Updates from the Practice Team

Measles Update

Sep 10 2019

There have been over 1100 confirmed cases in New Zealand this year, with the majority of cases occurring in the last month.  Most cases have occurred in Auckland, with only 21 confirmed cases in the Wellington region.

If you think you have measles or have been in contact with a confirmed case of measles, please call us first before coming in. 

If you are enrolled at our practice and not immunised, please make an appointment to come in for the MMR immunisation.  Please do not walk in for measles immunisation (MMR) without an appointment.  

Infants can get their first MMR vaccination at 15 months, with the second dose at 4 years.  When you immunise your child, you're also protecting the people around them, including those who can’t be immunised themselves.

People aged 50 years and over are considered immune as measles used to be very common so they most likely developed natural immunity during their childhoods before the vaccine was developed.

For those under 50, they have usually been immunised depending on which country they grew up in. Measles vaccines were introduced in NZ in 1969, in the UK in 1968, in South Africa in 1975, USA in 1968, Canada in 1970, in Australia in 1969, Ireland in 1985, China in 1963. Korea in 1965, Hong Kong in 1967, Singapore 1976, Fiji 1982, India 1985.

One dose of the vaccine protects 95 people out of a 100 ie 95%. A second dose gives protection to another 3-4 people out of 100.

Frequently Asked Questions:

Why is there an outbreak?

There are a few reasons:

  • Measles is a highly infectious disease, one of the most infectious known. It is estimated that each person with measles will infect 15 others who are not immunised.
  • If someone gets measles, they are infectious 5 days before they even realise it is measles. The first 5 days it looks like an ordinary bad case of flu. The rash only comes out after day 5. So they can infect many people during this period
  • Those they infect only get sick 10 to 14 days later, so there is a lag where many cases develop unseen and in turn each person will infect others before they develop a rash.
  • A country needs 95% coverage to stop measles from spreading. This is called “herd immunity”. In some areas of New Zealand only 60% of people are immunised.
  • There are several reasons why the immunisation rate is so low in some areas such as access issues (time off work, transport), poverty, inequities, health literacy, and fear of side effects of vaccines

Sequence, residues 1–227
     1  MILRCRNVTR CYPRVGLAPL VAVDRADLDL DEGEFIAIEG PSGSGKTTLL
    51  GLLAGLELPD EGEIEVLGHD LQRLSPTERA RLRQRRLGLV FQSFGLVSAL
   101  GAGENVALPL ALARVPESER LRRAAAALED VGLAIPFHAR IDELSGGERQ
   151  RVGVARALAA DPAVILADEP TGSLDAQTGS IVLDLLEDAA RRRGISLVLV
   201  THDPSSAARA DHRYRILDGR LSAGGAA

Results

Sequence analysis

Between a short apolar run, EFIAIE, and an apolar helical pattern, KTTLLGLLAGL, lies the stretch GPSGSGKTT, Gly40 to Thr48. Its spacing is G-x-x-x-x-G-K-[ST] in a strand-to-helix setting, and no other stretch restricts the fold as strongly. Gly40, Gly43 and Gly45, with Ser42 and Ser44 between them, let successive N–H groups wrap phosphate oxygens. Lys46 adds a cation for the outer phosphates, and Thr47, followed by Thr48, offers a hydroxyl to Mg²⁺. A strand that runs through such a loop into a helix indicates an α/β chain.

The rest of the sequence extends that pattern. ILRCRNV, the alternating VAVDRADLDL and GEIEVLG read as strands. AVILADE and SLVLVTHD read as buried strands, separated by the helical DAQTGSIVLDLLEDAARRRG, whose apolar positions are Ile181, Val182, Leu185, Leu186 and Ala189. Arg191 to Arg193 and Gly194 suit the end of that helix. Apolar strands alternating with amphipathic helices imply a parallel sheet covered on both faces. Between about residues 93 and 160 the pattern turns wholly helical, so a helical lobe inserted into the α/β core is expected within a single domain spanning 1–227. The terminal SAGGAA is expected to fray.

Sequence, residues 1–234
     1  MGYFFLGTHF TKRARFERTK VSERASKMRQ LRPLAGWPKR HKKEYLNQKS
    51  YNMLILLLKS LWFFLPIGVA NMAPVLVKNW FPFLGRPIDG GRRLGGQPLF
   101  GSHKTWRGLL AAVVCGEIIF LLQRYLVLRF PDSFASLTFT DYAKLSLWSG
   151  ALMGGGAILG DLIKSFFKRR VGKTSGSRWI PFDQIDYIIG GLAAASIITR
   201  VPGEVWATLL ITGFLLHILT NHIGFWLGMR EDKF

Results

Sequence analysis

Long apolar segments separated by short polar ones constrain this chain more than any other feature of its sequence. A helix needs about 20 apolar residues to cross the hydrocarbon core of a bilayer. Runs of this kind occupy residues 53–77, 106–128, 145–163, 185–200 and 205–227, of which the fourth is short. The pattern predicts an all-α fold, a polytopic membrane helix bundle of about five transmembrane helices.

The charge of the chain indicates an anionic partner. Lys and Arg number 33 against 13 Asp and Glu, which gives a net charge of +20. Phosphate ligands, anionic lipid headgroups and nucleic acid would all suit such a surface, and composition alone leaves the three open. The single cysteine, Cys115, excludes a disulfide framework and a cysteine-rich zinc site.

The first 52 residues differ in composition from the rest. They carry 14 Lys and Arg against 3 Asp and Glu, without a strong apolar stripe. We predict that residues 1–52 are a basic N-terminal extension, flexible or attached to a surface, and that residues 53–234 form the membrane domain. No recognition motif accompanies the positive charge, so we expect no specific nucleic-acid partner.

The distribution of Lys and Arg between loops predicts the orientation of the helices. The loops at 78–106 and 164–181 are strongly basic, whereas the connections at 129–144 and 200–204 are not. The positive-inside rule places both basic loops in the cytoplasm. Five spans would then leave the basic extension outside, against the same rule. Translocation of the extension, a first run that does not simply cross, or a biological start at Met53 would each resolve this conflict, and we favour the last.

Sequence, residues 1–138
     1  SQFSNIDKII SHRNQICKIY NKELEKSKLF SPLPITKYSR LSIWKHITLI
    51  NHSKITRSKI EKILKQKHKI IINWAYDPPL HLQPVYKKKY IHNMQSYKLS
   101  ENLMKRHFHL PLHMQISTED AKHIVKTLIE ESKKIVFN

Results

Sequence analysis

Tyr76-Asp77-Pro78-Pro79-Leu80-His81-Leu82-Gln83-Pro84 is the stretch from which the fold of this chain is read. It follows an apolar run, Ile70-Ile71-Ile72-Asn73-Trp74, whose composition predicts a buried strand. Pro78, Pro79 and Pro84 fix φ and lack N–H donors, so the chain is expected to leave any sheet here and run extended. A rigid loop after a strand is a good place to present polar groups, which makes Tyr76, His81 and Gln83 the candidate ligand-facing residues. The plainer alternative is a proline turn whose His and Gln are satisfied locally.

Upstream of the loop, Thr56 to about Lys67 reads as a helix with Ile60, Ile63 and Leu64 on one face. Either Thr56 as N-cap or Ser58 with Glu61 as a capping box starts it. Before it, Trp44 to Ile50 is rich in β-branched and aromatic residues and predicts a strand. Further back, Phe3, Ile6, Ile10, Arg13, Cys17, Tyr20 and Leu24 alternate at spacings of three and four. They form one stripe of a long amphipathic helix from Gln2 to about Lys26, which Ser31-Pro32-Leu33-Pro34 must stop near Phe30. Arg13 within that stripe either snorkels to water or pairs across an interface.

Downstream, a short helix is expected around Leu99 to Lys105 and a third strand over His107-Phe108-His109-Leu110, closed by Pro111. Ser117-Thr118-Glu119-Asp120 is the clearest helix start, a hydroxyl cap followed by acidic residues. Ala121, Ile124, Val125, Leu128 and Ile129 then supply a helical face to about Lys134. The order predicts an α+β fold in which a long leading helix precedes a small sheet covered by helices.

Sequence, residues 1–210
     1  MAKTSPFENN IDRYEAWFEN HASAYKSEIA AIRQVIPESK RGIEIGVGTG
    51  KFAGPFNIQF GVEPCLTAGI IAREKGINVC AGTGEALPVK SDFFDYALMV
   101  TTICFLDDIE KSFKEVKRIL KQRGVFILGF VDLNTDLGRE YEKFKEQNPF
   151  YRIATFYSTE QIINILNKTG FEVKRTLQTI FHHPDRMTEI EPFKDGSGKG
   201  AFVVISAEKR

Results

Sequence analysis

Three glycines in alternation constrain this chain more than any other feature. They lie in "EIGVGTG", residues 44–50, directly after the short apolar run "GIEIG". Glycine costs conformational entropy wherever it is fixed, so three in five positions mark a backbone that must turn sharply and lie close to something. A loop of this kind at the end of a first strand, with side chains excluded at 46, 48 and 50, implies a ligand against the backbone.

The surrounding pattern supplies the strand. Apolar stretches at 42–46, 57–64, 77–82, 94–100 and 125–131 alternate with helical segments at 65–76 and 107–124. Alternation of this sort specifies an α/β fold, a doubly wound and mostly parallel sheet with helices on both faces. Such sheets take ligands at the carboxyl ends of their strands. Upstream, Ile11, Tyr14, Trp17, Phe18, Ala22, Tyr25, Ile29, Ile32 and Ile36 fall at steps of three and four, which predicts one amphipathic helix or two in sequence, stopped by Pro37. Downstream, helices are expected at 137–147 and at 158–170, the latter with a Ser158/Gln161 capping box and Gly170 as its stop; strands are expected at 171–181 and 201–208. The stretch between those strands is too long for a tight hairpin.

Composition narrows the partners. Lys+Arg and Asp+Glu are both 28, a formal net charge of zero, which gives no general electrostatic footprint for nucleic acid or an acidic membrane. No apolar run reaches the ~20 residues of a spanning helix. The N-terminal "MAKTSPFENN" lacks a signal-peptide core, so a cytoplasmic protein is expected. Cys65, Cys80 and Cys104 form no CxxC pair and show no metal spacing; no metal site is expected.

• There is a prominent internet presence of those who believe vaccines are dangerous, fueled by information that is scientifically incorrect.
  • Immunisation rates have dropped in many other countries, primarily because of the anti-vaccine movement, and visitors from overseas can arrive by plane carrying the virus.
  • Those under 40 or 50 years old mostly grew up in a world where measles was very rare (post vaccinations) and have had no experience of the devastating effects of infection.

Can my baby have their MMR at 6 months?

Ministry is not recommending routine measles vaccines at 6-12 months unless your baby has been exposed to an active case of measles during the infectious period (5 days before the rash came out and 5 days afterwards)or will be traveling to a country with an active outbreak. This is because the MMR is only about 75% effective at 6 months of age, and we will need to give a total of three jabs if the first one is given at less than 12 months.


Is the measles vaccine (MMR) free?

Measles vaccine (MMR) immunisations are funded for NZ residents and those eligible for funded medical treatments.


I/my child have been told I have been in contact with an active case of measles during their infectious period (5 days before the rash came out, and 5 days afterwards)

If you are NOT immunized:

You need to enter into quarantine from 7 days after the first day you were in contact with the case, and stay in quarantine for 14 days after your last contact with the infected person ie a full two weeks. After your quarantine period is over and you remain well, please book in for an immunisation.

IF YOUR CHILD THAT HAS HAD A MEASLES CONTACT DURING THE INFECTIOUS PERIOD IS LESS THAN ONE YEAR OLD OR IS IMMUNOCOMPROMISED (have a weak immune system eg have cancer, on immunosupressant treatment such as chemotherapy, oral steroids etc) PLEASE CALL US FOR ADVICE.